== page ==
Europe is home to about 44 Million Muslims and the Muslim population, both in absolute terms as well as percentage terms is expected to increase over time. None of the major economies in the region have more than 10% of the Muslim population except for Russia and Germany where 45.45% and 10.68% of the total population accounts to be following the Muslim faith respectively. As per the research done by Bonafide Research in their research report titled Europe Halal Food and Beverage Market Outlook 2026, the halal foods and beverages market in Europe grew by USD 26.28 Billion during the historical period of 2015 to 2020. It has been further forecasted that the market will be growing at a CAGR of 6% to 7% going into 2026. As Muslim demography is more favourable in Russia, Russia has the biggest chunk of market share in the region’s halal foods and beverage market.
However, for other countries in Europe, where Muslims are in minority, the halal food and beverages market has some controversial debates surrounding it. In 2018, in Austria, a regional government had proposed that people buying halal meat should have to register with authorities. In Britain, there have been instances where it has been suspected that the customers are being sold unlabelled halal meat. In Poland, until a constitutional court overturned it, Poland imposed a ban on halal and kosher slaughter. The party platform of the far-right Alternative for Germany includes a similar provision.
The 2 major points to contend against halal food and regarding the practice and the quality of food. The debate regarding stunning vs non-stunning of animals during slaughtering is not only a scientific debate but also finds grounds in religious laws and rules. Enshrined in European Union Law mandates that animals must be stunned before they are killed so that they are unconscious and do not feel pain or distress. However even though exceptions can be granted for religious practices, critics charge that halal slaughter causes unnecessary suffering at the time of death. The rules of halal are not just about the process of how the animal in question is slaughtered but also how the animal is raised. Halal principles ask for specific attention to animal’s well-being- not only at the moment of death but throughout life. Animals should not be caged or abused and no animal should see other animals getting slaughtered. As demand for processed meat has grown, producers have turned to factory farming where treatment of animals is questionable due to lack of transparency. Another point of contention is about the notion of halal meat being of inferior quality. The process of slaughter has no noted impact on the taste but many have the notion that the meat available at local halal markets in the region have meat, poultry and seafood product which are not fit enough to be commercially sold.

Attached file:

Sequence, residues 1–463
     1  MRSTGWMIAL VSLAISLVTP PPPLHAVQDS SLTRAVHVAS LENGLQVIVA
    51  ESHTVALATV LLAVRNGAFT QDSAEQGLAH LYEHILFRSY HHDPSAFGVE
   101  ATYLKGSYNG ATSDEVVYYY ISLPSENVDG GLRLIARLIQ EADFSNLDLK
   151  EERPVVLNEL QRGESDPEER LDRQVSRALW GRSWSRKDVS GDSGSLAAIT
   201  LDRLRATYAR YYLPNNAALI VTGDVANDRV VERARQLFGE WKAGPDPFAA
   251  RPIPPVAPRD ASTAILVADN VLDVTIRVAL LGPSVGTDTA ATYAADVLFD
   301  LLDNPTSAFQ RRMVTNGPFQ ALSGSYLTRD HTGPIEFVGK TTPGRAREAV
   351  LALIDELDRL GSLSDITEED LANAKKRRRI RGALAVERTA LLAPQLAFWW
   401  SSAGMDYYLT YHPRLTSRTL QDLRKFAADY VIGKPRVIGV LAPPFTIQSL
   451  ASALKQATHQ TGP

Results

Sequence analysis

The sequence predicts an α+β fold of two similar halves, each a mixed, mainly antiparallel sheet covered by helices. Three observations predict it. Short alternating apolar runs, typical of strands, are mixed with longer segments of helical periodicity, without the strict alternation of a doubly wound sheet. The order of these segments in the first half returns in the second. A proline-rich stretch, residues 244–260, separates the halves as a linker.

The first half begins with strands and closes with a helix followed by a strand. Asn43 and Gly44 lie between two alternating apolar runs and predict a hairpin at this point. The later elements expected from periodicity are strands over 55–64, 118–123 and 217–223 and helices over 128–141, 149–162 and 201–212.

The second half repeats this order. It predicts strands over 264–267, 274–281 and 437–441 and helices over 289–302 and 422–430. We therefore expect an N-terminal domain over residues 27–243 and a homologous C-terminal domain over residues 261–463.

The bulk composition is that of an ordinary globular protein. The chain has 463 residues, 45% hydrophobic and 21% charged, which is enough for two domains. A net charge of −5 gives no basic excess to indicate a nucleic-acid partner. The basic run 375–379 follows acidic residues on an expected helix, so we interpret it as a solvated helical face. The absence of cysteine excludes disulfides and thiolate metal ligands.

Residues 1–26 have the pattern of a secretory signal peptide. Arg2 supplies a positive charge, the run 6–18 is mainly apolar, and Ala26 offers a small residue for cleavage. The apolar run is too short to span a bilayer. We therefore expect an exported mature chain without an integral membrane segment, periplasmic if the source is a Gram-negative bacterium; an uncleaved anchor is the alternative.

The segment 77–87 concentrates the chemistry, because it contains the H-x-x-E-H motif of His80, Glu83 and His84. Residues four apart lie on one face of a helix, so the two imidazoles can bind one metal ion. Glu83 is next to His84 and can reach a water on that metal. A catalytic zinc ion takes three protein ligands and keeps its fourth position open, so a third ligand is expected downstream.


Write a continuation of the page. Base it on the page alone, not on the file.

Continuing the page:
These soft factors cannot be quantified but significantly impacts the consumer sentiments in the market and cannot be properly quantified adequately. With increased migration of Muslims from the Middle East and Africa region to Europe has the potential to add scale to the region’s halal food and beverages market and such social factors can drag the momentum down by creating negative sentiments among the people.